#dadlife and it’s impact on friendships
By Melissa Snider // Photography by Shannon Corsi
This article is my husband’s fault. He suggested I pitch a piece about fathers and friendship, and now here I am, stuck in the writer’s seat. Guys, this one’s for you!
But first I should say that I actually made friends after I had babies. Between naps, I swaddled up my first daughter and hit the circuit: Mommy and Me yoga (still a lot of crying and blowouts, just not at my house), music classes (mouthing the shaker eggs), swimming (insert air quotes) … you get the picture. Moms check each other out and exchange numbers when it’s a match. And as it turns out, play dates are more for us than the kids in those early days.
Meanwhile, my husband continued life as usual but with a tiny new human in tow. (Not to mention an overly emotional and intellectually understimulated wife.) He had a strong sense of duty and wasn’t seeing much of his friends. Mostly, it was I who was tagging him “it” as soon as he walked in the door after work so I could go exercise or sleep. I was, and am, so grateful for his partnership as we parent our girls, now ages five and eight.
Instead of momsplaining all this to you, however, let’s talk to the experts. I sat down with an unscientific sampling of fathers who collectively parent eight children between the ages of four and eleven and discussed #dadlife and how it impacts friendships over time.
Here’s what they had to say:
On the “Limbo” Phase (ages 0 to 5)
Spoiler alert: Having a baby rocks your world!
“The first three years, you don’t have much energy, time, or attention to devote to anything else,” says Jackson dad Carl Shuptrine, who found himself ahead of the having-kids curve. He left his friends wondering why he couldn’t join them whenever for whatever any more. “‘I’ve got some other responsibilities,’ I’d say. And they were like, ‘Huh? You mean, other than yourself?’”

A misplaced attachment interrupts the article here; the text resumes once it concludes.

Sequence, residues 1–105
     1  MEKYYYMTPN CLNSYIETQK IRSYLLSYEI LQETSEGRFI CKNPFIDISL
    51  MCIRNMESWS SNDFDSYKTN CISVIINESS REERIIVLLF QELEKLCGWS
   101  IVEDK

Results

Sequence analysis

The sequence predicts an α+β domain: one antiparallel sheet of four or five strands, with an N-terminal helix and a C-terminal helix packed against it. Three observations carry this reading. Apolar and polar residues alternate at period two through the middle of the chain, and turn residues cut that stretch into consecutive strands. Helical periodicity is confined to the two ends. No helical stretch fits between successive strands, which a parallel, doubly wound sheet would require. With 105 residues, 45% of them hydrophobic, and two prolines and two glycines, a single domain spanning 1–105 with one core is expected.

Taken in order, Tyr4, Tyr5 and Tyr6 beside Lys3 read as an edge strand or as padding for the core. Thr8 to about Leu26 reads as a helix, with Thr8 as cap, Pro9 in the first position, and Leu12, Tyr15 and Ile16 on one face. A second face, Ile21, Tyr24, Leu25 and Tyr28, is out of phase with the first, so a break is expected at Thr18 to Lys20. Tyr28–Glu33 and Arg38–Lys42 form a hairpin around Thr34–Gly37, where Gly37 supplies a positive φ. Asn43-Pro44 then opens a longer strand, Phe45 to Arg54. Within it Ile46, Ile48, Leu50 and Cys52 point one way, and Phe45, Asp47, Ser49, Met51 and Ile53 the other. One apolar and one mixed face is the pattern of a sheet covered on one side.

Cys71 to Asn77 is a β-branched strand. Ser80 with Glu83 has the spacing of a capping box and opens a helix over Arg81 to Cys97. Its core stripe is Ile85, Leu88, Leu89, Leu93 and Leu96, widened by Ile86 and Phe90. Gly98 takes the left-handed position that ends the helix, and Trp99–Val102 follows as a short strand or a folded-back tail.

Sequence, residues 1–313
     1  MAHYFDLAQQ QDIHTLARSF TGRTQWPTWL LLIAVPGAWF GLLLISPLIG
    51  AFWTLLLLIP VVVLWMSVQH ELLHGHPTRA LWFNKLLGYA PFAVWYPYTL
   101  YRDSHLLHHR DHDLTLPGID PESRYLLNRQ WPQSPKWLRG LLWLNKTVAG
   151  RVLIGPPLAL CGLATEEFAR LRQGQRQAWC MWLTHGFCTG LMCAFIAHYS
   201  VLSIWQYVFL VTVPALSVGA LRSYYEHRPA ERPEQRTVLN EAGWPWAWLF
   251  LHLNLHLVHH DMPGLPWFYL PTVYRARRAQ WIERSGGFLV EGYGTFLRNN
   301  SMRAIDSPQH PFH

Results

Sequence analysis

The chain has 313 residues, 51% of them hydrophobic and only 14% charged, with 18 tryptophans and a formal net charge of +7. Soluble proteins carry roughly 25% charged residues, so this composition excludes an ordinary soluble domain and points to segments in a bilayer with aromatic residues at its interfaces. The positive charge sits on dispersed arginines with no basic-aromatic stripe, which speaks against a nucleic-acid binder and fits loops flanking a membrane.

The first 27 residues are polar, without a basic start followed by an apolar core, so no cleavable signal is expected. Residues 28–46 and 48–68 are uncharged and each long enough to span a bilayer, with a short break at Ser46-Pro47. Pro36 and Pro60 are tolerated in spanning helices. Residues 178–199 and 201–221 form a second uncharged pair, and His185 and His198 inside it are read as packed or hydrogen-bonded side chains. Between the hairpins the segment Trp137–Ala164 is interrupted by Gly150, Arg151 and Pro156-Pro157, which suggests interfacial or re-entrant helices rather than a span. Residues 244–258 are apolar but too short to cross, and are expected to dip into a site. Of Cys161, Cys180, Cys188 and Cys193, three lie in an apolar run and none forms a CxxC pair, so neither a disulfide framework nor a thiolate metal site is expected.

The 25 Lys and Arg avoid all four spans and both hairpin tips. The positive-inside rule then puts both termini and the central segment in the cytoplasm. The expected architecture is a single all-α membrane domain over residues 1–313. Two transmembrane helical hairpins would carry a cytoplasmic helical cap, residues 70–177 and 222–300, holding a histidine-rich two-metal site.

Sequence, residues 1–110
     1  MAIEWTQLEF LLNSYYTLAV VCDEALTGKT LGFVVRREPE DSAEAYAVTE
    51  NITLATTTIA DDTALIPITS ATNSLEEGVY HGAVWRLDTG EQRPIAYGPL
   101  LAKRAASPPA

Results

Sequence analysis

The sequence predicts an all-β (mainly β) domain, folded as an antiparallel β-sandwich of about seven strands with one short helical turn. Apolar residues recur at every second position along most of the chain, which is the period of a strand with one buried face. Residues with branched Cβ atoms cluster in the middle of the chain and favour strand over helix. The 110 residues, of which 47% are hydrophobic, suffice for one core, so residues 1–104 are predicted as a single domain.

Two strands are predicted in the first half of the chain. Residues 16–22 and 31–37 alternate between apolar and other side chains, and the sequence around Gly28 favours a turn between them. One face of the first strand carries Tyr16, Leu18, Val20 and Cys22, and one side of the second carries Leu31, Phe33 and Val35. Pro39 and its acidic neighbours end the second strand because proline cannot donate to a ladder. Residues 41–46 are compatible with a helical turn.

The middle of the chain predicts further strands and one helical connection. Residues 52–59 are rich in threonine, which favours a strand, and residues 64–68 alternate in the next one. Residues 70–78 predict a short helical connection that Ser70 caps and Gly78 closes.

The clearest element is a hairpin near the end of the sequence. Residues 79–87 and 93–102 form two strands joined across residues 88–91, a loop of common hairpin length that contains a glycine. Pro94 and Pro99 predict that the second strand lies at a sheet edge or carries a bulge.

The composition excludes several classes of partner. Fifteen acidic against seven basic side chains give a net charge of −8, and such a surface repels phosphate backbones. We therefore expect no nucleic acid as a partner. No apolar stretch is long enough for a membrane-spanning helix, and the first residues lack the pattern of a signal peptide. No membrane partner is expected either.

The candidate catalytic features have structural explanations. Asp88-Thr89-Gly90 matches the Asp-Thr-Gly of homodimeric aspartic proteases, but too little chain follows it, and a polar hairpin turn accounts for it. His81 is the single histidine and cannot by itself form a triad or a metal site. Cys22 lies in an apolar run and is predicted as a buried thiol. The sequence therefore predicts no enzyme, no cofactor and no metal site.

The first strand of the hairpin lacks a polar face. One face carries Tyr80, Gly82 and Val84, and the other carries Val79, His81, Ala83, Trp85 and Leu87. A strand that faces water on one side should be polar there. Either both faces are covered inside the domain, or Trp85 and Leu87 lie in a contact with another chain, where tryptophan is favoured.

Jackson father Andy Cavallaro says the birth of his first baby left him in limbo, trying to find a balance between “still feeling like an adventurous person and being a good parent.” While his long-distance close friendships didn’t change, local friendships did. “When most of the minutes of your day are planned out, it’s really important to have that time to connect with [other dads] that can understand what you’re going through,” he says, adding that this pertains to just about any time or situation in your life.
“It changes your ability to be as present with people as you once were,” says my husband, Jason Snider, noting that our core group of friends is made up mostly of couples without children. “We value those friendships. They’re people we want to keep up with, but we don’t see them nearly as much.”
“Before kids, our friends were all about having fun,” says Sean Stauth. He and his wife naturally started spending time with different groups of people after having their first baby. At the time, he was living in San Francisco and working in Silicon Valley, where many people he knew valued work above everything else. Still, his priorities shifted after the birth of his daughters. “It was hard to build meaningful, empathetic relationships with people who weren’t in my same [stage of life].”
On Maintaining Friendships